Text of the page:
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Tatsuhara T.,Pacific Consultants Co. | Arima T.,Nippon Oil Corporation | Igarashi T.,Hokkaido University | Tabelin C.B.,Hokkaido University
Engineering Geology | Year: 2012

Hydrothermally altered rock excavated in a tunnel project produces acidic leachate containing hazardous elements that include arsenic (As), lead (Pb), copper (Cu) and zinc (Zn). To mitigate this problem, this paper evaluated a combined neutralization-adsorption system that used readily available and cheap reagents like calcium carbonate (CaCO 3) and partly-weathered volcanic ash. Batch neutralization experiments showed that CaCO 3 was effective in raising the pH of the leachate around neutral while the batch adsorption experiments illustrated that the volcanic ash sample collected near the tunnel project area was highly capable of adsorbing arsenate (As[V]), Pb, Cu and Zn. Under column conditions, the amount of hazardous elements released from the rock increased by several folds and their breakthrough curves had flushing-out trends. The mechanisms of As and heavy metals release probably include the dissolution of soluble phases and pyrite oxidation. Addition of CaCO 3 in the column experiments based on estimates from the batch results underestimated the amount of neutralizer needed to adjust the effluent pH to around 8, resulting only in slight increase of the pH. Nevertheless, the presence of CaCO 3 drastically reduced the amount of hazardous elements released from the altered rock especially during the initial stages of the column experiments. Combining neutralization and adsorption effectively reduced the amount of As and heavy metals in the effluent throughout the duration of the column experiments, which is attributed to the slight neutralizing effect of volcanic ash that raised the pH around circumneutral as well as its rich Al and Fe oxyhydroxide/oxide contents. The combined system immobilized the hazardous elements through a combination of co-precipitation and adsorption reactions and showed potential as an alternative method for the disposal of altered rocks producing acidic leachate. © 2012 Elsevier B.V.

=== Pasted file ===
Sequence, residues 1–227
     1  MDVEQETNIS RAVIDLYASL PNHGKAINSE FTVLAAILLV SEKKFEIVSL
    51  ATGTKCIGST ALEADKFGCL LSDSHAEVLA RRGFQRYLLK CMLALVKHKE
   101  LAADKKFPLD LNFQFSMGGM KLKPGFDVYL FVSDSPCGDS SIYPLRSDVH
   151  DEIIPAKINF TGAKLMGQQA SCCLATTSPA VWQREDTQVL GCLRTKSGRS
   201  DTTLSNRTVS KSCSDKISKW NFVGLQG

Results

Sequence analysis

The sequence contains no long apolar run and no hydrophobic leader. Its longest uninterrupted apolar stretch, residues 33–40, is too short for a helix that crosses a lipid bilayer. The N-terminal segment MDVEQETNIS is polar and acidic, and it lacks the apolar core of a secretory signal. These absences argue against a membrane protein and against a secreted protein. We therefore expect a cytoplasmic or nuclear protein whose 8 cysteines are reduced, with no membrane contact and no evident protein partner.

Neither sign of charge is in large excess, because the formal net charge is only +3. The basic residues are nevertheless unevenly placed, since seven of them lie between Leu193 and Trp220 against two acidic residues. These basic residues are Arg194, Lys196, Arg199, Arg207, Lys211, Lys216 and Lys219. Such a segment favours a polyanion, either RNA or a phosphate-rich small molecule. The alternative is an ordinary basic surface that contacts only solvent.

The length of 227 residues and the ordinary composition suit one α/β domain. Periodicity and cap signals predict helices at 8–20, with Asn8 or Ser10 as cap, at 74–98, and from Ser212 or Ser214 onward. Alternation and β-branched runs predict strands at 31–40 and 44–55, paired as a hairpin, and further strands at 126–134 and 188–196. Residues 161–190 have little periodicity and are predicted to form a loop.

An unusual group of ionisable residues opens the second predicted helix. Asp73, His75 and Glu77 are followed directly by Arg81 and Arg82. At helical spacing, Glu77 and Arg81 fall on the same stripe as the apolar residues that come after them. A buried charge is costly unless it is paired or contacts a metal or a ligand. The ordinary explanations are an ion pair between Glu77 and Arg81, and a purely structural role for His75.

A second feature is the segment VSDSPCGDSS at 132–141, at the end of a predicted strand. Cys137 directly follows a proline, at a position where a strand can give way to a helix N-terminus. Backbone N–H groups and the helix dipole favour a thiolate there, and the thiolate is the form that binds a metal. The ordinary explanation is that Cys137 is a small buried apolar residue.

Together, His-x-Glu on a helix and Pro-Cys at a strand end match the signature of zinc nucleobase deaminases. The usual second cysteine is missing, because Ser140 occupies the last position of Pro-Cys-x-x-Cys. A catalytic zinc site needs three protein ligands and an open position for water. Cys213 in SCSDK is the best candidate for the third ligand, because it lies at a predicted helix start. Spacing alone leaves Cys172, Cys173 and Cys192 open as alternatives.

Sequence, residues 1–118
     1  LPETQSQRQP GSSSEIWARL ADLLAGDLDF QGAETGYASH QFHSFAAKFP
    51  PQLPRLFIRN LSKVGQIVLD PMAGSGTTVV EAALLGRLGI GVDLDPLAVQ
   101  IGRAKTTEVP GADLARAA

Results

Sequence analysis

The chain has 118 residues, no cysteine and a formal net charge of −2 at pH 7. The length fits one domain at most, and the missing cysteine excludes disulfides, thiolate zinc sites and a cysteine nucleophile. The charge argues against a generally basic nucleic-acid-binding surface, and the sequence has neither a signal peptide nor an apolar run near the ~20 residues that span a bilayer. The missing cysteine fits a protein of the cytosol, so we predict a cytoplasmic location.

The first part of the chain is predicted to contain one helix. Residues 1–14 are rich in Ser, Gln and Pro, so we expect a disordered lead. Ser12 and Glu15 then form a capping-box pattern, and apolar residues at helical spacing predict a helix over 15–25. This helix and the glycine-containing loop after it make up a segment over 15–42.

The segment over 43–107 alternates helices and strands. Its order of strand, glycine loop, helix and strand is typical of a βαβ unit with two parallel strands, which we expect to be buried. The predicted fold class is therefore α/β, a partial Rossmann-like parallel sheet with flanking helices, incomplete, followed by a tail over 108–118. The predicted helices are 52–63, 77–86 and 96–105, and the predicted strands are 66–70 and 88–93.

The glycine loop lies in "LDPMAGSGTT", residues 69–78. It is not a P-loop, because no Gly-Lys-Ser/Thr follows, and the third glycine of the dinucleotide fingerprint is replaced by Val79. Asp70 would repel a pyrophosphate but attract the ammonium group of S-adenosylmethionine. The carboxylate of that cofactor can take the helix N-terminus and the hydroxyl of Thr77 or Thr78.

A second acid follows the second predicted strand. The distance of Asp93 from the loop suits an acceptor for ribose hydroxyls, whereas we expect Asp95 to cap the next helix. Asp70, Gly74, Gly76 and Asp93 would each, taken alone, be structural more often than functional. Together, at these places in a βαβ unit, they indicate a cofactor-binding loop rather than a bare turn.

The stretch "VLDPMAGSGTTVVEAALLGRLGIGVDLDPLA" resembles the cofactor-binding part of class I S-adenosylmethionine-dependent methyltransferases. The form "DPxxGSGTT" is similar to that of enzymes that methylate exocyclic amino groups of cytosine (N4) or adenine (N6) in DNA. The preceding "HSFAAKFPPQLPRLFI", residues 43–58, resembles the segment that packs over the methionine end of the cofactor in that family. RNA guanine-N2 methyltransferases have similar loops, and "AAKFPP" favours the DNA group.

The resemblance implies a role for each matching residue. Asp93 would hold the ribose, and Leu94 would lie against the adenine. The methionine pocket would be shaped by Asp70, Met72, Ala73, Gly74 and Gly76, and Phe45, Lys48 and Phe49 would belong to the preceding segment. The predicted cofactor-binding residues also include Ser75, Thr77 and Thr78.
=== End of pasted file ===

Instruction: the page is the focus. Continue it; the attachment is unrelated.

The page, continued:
Chigira M.,Kyoto University | Tsou C.-Y.,Kyoto University | Matsushi Y.,Kyoto University | Hiraishi N.,Fukada Geological Institute | And 2 more authors.
Geomorphology | Year: 2013

Typhoon Talas crossed the Japanese Islands between 2 and 5 September 2011, causing more than 70 deep-seated catastrophic landslides in a Jurassic to Paleogene-lower Miocene accretion complex. Detailed examination of the topographic features of 10 large landslides before the event, recorded on 1-m DEMs based on airborne laser scanner surveys, showed that all landslides had small scarps near their future crowns prior to the slide, and one landslide had linear depressions along its future crown as precursor topographic features. These scarps and linear depressions were caused by gravitational slope deformation that preceded the catastrophic failure. Although the scarps may have been enlarged by degradation, their sizes relative to the whole slopes suggest that minimal slope deformation had occurred in the period immediately before the catastrophic failure. The scarp ratio, defined as the ratio of length of a scarp to that of the whole slope both measured along the slope line, ranged from 5% to 21%. Careful examination of aerial photographs from another four large landslides, for which no high-resolution DEMs were available, suggested that they also developed scarps at their heads beforehand. Twelve of the 14 landslides we surveyed in the field had sliding surfaces with wedge-shaped discontinuities that consisted of faults and bedding, suggesting that the buildup of pore pressure occurs readily on wedge-shaped discontinuities in a gravitationally deformed rock body. Most of the faults were undulatory and were probably thrust faults that formed during accretion. Other types of gravitational deformation were also active; e.g., flexural toppling and buckling were observed to have preceded one landslide. © 2013 Elsevier B.V.